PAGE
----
Crypto Exchanges Scale, But Outages Likely To Remain A Fact Of Life
- It’s hard to predict when an exchange is likely to experience a surge.
- Scaling setups are costly to have them always on stand-by.
- Exchanges are hard at work improving their throughput and avoiding future disruptions.
Exchanges have been the epicenter of the recent crypto bull market, facilitating the surge of bitcoin (BTC) and other coins towards new all-time highs. However, while they have almost certainly profited from the record prices and volumes the market’s now witnessing, many have been found lacking as new traders flood into the ecosystem.
We’ve witnessed repeated outages afflict even major crypto exchanges, including Coinbase, Binance, Kraken, Bittrex, and others. Casual observers would be forgiven for assuming that these platforms would have prepared for increases in traffic by now, yet service disruptions continue to happen almost every time there’s a big volume spike.
For example, this week:
According to platforms speaking with Cryptonews.com, most exchanges are constantly taking steps to increase their capacities. Some suggest that, with much of the industry undergoing a process of constant discovery, it’s hard to predict just exactly how much capacity you truly need.
We have literally lost count of how many service disruptions and outages exchanges have suffered over the past few months. Basically, any time there's a big rush to buy or sell, you can almost be sure that some exchange somewhere is effectively preventing its customers from trading.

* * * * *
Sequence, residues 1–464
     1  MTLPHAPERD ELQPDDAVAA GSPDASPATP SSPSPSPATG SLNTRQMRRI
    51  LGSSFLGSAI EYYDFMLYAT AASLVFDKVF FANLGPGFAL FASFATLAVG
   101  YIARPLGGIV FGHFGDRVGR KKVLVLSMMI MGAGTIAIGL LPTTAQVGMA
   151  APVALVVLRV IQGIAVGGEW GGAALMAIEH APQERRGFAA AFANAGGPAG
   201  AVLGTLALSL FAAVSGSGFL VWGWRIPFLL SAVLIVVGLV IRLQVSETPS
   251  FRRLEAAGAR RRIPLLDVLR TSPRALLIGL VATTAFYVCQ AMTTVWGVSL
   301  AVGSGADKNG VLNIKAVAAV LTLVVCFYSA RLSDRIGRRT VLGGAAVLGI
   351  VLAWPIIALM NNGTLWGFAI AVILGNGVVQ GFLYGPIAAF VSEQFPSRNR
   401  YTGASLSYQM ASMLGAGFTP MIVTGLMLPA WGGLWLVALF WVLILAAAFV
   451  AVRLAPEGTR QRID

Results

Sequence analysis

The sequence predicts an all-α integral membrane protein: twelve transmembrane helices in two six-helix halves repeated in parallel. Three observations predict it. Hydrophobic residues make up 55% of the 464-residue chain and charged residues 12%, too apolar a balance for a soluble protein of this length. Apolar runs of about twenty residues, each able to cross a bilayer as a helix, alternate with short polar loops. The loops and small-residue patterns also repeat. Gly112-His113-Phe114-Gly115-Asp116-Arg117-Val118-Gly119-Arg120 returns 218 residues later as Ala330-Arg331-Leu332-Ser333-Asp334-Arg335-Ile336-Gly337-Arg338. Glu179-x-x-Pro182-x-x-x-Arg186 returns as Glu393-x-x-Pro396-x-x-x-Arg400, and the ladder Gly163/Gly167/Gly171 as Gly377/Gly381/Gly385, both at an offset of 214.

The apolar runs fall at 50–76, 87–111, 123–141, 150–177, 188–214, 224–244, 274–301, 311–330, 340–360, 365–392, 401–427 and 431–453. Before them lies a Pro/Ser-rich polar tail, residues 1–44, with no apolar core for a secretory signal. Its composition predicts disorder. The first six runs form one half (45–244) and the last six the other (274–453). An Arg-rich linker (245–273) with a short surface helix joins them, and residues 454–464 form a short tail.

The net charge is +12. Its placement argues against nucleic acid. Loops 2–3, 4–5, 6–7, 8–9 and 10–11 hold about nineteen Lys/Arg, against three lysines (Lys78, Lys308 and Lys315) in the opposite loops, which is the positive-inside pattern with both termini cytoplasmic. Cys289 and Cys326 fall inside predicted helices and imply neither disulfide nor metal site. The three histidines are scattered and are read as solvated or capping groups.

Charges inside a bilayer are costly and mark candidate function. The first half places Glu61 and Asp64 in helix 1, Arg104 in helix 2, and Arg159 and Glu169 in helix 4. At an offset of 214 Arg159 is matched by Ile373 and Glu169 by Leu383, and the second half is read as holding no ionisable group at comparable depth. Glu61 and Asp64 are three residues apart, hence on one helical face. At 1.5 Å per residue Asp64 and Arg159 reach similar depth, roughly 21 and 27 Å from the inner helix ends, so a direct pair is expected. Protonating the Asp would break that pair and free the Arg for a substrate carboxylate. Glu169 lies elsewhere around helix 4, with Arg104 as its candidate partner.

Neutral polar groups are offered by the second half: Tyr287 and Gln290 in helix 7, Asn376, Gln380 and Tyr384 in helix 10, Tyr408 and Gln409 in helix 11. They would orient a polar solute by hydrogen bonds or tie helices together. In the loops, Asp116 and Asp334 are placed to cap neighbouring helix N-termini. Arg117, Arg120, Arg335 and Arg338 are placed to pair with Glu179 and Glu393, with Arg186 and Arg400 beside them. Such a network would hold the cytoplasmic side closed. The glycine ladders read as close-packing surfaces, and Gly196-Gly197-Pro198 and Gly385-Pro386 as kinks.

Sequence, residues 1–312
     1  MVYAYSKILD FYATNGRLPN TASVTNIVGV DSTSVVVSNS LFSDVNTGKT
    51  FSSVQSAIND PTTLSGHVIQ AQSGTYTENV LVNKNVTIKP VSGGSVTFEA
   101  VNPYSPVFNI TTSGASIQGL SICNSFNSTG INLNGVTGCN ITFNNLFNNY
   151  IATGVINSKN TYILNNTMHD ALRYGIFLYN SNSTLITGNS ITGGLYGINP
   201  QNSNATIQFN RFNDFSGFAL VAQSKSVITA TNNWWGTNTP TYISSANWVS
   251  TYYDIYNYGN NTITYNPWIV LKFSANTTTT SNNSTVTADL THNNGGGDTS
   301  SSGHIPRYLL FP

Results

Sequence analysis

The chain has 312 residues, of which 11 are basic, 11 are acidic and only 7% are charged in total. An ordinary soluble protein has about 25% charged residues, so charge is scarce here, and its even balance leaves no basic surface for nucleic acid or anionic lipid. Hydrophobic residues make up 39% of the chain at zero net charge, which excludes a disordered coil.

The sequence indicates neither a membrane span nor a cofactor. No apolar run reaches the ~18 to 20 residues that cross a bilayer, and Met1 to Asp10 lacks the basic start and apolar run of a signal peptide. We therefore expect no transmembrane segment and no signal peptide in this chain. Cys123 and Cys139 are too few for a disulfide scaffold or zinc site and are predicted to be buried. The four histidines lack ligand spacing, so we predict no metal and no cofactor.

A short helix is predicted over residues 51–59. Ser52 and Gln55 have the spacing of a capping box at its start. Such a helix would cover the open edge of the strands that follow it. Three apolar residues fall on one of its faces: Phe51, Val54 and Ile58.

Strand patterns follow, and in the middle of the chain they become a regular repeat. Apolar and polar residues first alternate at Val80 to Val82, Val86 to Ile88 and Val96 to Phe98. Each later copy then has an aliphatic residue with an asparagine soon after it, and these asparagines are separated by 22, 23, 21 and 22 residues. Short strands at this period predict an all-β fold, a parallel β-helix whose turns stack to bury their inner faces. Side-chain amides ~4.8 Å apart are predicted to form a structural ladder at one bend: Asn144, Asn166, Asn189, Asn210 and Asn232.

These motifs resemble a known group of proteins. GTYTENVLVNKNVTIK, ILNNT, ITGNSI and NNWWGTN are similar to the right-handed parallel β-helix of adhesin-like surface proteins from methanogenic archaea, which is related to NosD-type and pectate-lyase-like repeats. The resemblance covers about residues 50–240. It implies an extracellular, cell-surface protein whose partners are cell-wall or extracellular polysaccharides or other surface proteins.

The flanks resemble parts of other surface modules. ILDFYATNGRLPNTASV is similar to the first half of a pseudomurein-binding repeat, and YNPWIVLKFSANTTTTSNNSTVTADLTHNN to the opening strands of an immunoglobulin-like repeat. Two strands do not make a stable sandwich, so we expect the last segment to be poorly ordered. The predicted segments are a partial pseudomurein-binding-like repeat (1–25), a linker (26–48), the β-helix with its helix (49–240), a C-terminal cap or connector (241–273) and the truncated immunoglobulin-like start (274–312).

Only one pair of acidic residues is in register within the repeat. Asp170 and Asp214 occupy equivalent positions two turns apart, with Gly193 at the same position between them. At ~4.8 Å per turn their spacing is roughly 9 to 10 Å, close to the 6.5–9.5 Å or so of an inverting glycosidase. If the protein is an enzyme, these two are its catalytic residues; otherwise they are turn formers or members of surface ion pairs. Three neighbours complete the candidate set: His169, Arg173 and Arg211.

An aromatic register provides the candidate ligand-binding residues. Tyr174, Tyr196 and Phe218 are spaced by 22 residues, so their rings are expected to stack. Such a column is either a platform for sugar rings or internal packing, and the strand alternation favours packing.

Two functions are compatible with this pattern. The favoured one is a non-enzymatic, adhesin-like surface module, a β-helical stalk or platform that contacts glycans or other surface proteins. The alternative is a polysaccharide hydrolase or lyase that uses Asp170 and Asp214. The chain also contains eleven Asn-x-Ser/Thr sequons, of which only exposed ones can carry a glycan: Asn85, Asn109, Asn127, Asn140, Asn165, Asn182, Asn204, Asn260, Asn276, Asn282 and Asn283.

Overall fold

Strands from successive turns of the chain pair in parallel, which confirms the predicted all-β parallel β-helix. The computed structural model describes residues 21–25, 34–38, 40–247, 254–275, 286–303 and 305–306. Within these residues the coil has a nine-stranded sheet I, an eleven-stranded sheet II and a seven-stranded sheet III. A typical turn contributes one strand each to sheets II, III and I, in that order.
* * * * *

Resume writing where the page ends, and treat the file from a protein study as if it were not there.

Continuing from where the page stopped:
As Raúl Marcos, CEO of crypto consultancy Carbono, told Cryptonews.com, such outages have almost become an inevitability.
“Regarding exchanges experiencing service outages, it's normal and understandable: when there are significant price movements, especially when bitcoin breaks a new all-time high, people's interest grows exponentially, and everyone wants to act,” he said, adding,
“Exchanges try to prepare for these situations, but I know firsthand how difficult it is to estimate these problems and allocate resources for them.”
This is basically the account given by most exchanges. In particular, Sathvik Vishwanath, Co-founder and CEO of Unocoin, the operator of one of the oldest crypto exchanges in India, suggested that it’s very hard to predict when an exchange is likely to experience a surge, and also to predict how big a surge will be.
“The surge in the crypto industry when it comes to new user sign-ups and the number of transactions is very unpredictable. Scaling setups are costly to have it always on stand-by and even if they are on standby it won't be sufficient for some of the surges and hence the down time to be expected while their engineering team works on getting back the servers online with greater capacity,” he told Cryptonews.com.
More fundamentally, Binance CEO Changpeng Zhao said that running a centralized exchange poses various significant technical challenges for any company brave enough to accept the challenge.
“This is probably the first internet-based financial application that requires real-time response for people all around the world, and the orders must be processed in a central order matching engine. Crypto exchanges are direct to consumers, in all parts of the world,” he told Cryptonews.com.